Drug safety specialists are leading players in a field known as pharmacovigilance — that is, the science of collecting, detecting and preventing adverse effects (AEs) in patients who take new drugs and other pharmaceutical products. As such, not surprisingly, there’s some overlap between the work of these safety pros and that of clinical research associates (CRAs).
Diving a bit deeper into the role, high-level responsibilities of most drug safety specialists today tend to include:
- reporting on quality control (QC) and routing cases to appropriate workflows
- conducting various QC activities related to drug development and clinical trials
- working with contract research organizations (CROs)
- assessing, processing and entering key data around adverse event (AE) case types
- conducting medical reviews, reading safety reports and working with drug safety databases
- triaging case types to support proper prioritization
- identifying AEs and labeling them appropriately for subsequent case assessments
- determining the appropriate type of reported causality
- coding based on MedDRA, WHO Drug and various product dictionaries
- writing required narrative texts for medical orientation
- determining key follow-up requirements
- proactively supporting inspections and audits with regulatory affairs groups
- supporting drug screenings and adverse event reporting as part of safety management programs
how do you become a drug safety specialist?
There are any number of different paths to becoming a drug safety specialist today, but probably the most reliable begins with the right education and training. That said, there’s no replacement for hands-on learning through doing, as the following requirements make clear:
a bachelor’s or master’s degree in life sciences, healthcare or a related field
anywhere from five to seven years of previous experience in the pharmaceutical or biopharmaceutical space, and a minimum of three to five years in drug safety operations (DSO)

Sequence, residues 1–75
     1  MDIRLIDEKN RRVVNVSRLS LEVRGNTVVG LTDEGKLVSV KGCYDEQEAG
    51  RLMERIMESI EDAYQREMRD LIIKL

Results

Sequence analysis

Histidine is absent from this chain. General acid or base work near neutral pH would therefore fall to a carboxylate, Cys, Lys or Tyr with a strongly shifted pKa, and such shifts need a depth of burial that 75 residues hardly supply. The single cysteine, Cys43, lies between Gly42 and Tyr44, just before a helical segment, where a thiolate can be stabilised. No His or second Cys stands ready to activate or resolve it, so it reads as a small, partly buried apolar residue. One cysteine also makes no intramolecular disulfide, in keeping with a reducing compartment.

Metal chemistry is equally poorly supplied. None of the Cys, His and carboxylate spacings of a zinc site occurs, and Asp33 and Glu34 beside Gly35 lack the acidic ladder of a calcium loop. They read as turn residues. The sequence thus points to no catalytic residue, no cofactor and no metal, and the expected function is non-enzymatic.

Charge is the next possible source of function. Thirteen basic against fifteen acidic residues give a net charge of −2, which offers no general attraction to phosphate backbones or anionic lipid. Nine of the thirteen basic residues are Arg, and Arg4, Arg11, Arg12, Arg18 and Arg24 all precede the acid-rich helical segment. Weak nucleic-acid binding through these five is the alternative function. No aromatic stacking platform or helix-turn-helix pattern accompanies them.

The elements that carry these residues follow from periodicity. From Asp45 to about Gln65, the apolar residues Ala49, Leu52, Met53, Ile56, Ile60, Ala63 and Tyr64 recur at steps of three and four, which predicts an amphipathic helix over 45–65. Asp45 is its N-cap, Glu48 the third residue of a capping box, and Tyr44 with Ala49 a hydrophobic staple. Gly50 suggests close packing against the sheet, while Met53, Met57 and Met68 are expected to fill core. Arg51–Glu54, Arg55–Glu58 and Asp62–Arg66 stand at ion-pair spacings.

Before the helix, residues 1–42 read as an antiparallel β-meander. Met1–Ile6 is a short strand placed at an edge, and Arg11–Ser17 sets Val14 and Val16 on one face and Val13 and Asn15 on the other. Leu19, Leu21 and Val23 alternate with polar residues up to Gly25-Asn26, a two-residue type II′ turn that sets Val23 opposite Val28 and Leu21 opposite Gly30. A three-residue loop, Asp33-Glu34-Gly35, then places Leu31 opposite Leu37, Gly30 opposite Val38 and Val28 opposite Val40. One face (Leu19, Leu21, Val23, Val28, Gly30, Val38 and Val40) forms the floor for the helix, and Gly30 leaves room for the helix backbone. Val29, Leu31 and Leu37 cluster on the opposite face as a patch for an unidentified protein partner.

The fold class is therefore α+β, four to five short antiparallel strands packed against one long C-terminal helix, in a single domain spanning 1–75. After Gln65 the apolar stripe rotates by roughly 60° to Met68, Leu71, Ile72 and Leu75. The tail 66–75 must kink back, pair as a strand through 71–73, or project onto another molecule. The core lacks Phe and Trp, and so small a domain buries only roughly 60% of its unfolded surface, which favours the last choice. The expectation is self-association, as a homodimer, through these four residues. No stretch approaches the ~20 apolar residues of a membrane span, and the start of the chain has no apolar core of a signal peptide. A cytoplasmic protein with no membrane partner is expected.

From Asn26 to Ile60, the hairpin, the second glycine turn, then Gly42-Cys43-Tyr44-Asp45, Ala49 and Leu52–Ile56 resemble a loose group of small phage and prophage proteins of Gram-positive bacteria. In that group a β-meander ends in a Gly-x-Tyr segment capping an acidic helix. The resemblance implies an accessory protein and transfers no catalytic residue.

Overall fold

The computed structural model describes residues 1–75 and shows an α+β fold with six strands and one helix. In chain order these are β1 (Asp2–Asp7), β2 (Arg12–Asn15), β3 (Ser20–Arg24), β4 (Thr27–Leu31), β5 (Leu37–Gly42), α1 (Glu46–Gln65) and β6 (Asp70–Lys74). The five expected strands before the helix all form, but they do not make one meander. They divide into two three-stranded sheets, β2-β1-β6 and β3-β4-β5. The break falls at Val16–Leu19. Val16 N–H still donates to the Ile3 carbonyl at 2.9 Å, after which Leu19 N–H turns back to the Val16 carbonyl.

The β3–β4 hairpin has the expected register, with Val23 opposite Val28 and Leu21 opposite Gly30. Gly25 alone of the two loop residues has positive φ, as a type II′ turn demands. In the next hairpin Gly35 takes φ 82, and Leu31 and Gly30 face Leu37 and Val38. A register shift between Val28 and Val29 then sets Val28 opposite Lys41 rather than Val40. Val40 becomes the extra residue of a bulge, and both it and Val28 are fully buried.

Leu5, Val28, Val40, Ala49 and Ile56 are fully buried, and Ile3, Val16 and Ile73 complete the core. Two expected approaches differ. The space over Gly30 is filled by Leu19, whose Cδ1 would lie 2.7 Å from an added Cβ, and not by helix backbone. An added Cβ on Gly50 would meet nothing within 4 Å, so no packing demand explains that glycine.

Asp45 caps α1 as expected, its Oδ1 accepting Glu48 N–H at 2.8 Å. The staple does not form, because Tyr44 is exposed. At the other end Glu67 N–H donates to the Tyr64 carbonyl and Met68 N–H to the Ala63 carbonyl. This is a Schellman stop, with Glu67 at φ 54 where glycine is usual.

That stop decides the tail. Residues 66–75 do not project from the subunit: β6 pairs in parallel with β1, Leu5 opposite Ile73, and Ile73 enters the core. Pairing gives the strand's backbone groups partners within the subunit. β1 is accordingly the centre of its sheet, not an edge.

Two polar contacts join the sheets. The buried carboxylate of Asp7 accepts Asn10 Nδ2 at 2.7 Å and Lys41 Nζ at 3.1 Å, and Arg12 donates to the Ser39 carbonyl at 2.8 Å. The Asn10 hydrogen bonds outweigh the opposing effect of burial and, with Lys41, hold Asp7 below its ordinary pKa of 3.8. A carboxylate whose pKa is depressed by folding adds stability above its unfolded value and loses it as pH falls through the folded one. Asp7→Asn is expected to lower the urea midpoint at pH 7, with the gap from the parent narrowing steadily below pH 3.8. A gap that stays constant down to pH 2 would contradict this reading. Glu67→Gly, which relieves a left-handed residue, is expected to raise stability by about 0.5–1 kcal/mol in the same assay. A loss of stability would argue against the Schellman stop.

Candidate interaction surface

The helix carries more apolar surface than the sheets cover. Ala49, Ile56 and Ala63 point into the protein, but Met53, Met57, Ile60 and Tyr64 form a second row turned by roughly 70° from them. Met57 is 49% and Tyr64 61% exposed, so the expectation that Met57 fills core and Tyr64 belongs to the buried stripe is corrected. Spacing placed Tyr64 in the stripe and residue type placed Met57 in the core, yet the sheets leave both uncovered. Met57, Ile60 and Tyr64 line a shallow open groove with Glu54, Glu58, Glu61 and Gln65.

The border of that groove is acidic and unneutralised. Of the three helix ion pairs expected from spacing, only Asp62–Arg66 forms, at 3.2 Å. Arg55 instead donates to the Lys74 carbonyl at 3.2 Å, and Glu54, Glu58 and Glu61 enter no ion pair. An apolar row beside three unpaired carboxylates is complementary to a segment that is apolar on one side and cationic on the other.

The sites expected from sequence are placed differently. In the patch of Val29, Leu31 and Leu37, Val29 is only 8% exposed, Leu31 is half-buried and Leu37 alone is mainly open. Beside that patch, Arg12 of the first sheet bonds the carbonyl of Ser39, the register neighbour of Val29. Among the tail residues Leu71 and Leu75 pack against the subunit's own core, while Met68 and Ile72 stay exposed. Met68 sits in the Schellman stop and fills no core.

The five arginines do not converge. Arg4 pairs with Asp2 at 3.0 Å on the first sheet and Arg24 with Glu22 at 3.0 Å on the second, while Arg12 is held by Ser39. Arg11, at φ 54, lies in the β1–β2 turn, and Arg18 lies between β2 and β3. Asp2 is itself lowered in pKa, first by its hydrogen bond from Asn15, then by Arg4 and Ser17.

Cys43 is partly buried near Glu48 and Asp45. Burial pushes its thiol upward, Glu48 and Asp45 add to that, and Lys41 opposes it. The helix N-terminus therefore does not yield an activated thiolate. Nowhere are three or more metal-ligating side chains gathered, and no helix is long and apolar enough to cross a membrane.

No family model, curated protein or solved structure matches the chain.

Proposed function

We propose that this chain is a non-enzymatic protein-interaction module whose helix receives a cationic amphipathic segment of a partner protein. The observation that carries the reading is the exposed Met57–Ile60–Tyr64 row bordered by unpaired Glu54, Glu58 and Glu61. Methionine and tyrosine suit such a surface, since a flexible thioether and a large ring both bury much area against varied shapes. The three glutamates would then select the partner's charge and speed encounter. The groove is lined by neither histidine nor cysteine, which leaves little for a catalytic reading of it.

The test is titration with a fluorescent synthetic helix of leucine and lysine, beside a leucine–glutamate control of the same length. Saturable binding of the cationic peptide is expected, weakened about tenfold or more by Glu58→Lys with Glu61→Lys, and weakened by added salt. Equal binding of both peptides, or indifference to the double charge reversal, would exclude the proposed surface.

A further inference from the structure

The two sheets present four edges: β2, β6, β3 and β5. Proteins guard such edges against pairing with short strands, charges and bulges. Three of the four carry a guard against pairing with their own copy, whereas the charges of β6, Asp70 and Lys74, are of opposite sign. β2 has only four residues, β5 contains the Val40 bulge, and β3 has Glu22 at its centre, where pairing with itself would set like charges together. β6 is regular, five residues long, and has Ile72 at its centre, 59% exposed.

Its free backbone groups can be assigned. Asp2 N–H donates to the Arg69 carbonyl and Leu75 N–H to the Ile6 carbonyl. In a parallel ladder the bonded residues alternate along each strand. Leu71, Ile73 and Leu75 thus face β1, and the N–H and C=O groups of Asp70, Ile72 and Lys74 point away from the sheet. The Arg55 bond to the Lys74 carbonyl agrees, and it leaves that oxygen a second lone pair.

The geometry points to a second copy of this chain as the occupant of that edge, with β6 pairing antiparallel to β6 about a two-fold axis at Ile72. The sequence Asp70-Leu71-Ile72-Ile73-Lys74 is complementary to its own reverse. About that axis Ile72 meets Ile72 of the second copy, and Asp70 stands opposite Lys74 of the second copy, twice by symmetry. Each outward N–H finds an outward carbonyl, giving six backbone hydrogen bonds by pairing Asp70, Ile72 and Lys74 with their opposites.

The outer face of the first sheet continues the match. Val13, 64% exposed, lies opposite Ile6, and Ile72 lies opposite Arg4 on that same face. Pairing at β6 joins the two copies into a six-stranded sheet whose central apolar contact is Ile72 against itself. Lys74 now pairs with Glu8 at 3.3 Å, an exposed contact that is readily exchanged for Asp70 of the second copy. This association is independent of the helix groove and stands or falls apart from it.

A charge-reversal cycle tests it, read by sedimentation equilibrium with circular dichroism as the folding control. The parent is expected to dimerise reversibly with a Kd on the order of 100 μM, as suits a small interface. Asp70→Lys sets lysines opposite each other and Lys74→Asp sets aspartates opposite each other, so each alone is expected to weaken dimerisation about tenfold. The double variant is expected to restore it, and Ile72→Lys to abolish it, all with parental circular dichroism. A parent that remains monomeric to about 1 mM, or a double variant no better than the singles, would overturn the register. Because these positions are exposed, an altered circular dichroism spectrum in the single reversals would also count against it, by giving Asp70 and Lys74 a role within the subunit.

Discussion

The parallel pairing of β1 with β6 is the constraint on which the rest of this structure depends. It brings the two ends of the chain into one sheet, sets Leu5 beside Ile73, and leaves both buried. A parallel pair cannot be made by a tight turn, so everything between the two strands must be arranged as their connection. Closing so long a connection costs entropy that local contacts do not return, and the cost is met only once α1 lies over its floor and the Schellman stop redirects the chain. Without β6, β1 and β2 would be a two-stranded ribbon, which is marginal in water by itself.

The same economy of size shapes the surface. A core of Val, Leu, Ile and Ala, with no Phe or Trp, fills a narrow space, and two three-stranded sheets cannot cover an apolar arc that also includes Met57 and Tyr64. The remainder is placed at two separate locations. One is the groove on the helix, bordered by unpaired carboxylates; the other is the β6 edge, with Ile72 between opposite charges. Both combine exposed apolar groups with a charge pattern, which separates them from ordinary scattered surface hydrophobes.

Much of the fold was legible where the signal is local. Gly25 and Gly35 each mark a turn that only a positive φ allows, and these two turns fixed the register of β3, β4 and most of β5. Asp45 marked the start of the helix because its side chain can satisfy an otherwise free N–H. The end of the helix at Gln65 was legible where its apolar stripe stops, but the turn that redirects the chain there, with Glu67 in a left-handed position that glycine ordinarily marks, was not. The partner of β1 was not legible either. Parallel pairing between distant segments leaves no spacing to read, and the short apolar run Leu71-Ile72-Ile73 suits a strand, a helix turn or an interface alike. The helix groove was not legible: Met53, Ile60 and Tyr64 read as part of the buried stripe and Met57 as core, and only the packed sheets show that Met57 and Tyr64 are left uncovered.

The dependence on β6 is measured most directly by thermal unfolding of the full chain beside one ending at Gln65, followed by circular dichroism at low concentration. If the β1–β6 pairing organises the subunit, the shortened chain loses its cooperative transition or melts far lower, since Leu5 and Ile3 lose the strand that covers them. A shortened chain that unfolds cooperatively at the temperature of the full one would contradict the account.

previous experience working with CRO teams
previous experience in pharmacovigilance inspection with the U.S. Food and Drug Administration (FDA) often preferred
Scan the job description closely to be sure you understand all of the “must-have” versus “nice-to-have” qualifications for the role. You can still land an interview as long as you fulfill all of the latter.
what are the key skills of a drug safety specialist?
Drug safety specialists tend to have fairly diverse skill sets. Beyond having mastered the essential industry lingo, acquired nuanced knowledge of processes and learned how to navigate a heavily regulated space, they also have to work with large teams of people day in and day out. So it’s easy to see why relationship management and team-building skills can be crucial differentiators for candidates.
However, those aren’t the only soft skills that matter. A few additional aptitudes that can really set candidates apart:
- analytical and critical thinking
- strong verbal and written communication skills
- people management and interpersonal skills
- trust- and team-building abilities
- emotional intelligence (EQ) and empathy
- organization and time-management skills
- troubleshooting and problem-solving abilities
what's the pay rate for a drug safety specialist?
Compensation levels for drug safety specialists tend to vary considerably, but six-figure salaries — at least for some of the most seasoned pros — aren’t unheard of. Looking at the latest data, in any case, average salaries for clinical research associates can be effectively grouped into three tiers: low, middle and high. Those tiers are as follows:
Like a lot of things in the economy right now, of course, salaries for drug safety specialists are very much in flux. Your best bet for getting insights, given that context, is to head on over to our free salary comparison tool. It’ll surface at-a-glance data about pay rates across locations and markets.
At this point, you should be pretty well versed in what drug safety specialists do on a daily basis, as we've taken you step-by-step through:
- what drug safety specialists do
- background, training, experience and other requirements for this position
- key skills
- and more
Got it all? Good! Now, it's time for you to take action. Start searching for highly in-demand drug safety specialist positions right now.